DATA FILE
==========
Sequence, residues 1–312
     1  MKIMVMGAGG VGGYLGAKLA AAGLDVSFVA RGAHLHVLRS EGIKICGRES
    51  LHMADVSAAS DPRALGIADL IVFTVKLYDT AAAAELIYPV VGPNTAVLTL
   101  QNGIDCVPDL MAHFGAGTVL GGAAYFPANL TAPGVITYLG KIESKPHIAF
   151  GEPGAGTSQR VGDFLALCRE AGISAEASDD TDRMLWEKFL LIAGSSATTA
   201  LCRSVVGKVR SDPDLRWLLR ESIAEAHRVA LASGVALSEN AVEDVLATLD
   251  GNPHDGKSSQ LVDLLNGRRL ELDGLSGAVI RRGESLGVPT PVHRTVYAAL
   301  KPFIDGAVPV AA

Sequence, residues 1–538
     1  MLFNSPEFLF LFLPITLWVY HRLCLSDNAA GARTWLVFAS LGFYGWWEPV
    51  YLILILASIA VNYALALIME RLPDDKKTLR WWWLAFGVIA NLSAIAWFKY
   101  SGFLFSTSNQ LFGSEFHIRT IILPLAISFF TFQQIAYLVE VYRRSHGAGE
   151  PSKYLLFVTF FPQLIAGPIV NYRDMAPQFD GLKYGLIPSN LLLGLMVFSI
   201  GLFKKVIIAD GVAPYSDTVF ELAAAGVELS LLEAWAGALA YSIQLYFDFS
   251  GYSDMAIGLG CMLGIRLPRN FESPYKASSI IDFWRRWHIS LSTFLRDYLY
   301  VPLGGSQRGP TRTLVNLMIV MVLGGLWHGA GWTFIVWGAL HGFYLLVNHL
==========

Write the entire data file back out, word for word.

Sequence, residues 1–312
     1  MKIMVMGAGG VGGYLGAKLA AAGLDVSFVA RGAHLHVLRS EGIKICGRES
    51  LHMADVSAAS DPRALGIADL IVFTVKLYDT AAAAELIYPV VGPNTAVLTL
   101  QNGIDCVPDL MAHFGAGTVL GGAAYFPANL TAPGVITYLG KIESKPHIAF
   151  GEPGAGTSQR VGDFLALCRE AGISAEASDD TDRMLWEKFL LIAGSSATTA
   201  LCRSVVGKVR SDPDLRWLLR ESIAEAHRVA LASGVALSEN AVEDVLATLD
   251  GNPHDGKSSQ LVDLLNGRRL ELDGLSGAVI RRGESLGVPT PVHRTVYAAL
   301  KPFIDGAVPV AA

Sequence, residues 1–538
     1  MLFNSPEFLF LFLPITLWVY HRLCLSDNAA GARTWLVFAS LGFYGWWEPV
    51  YLILILASIA VNYALALIME RLPDDKKTLR WWWLAFGVIA NLSAIAWFKY
   101  SGFLFSTSNQ LFGSEFHIRT IILPLAISFF TFQQIAYLVE VYRRSHGAGE
   151  PSKYLLFVTF FPQLIAGPIV NYRDMAPQFD GLKYGLIPSN LLLGLMVFSI
   201  GLFKKVIIAD GVAPYSDTVF ELAAAGVELS LLEAWAGALA YSIQLYFDFS
   251  GYSDMAIGLG CMLGIRLPRN FESPYKASSI IDFWRRWHIS LSTFLRDYLY
   301  VPLGGSQRGP TRTLVNLMIV MVLGGLWHGA GWTFIVWGAL HGFYLLVNHL